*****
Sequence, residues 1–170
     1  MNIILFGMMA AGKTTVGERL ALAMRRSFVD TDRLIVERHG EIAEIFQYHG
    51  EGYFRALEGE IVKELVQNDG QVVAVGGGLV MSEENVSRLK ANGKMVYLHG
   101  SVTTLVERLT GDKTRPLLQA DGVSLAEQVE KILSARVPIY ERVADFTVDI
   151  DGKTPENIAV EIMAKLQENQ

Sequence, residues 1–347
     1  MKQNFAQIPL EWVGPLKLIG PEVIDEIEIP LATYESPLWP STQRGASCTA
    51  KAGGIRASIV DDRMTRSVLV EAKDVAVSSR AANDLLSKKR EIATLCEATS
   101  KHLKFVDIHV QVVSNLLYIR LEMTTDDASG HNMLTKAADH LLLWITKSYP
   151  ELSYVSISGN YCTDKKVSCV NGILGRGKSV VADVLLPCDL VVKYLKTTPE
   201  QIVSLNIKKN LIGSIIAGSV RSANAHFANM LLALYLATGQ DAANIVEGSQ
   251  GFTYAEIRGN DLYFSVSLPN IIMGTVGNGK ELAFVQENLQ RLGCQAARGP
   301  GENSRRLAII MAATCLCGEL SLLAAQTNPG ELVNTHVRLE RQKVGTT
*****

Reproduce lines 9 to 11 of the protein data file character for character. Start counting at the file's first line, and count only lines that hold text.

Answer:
   101  KHLKFVDIHV QVVSNLLYIR LEMTTDDASG HNMLTKAADH LLLWITKSYP
   151  ELSYVSISGN YCTDKKVSCV NGILGRGKSV VADVLLPCDL VVKYLKTTPE
   201  QIVSLNIKKN LIGSIIAGSV RSANAHFANM LLALYLATGQ DAANIVEGSQ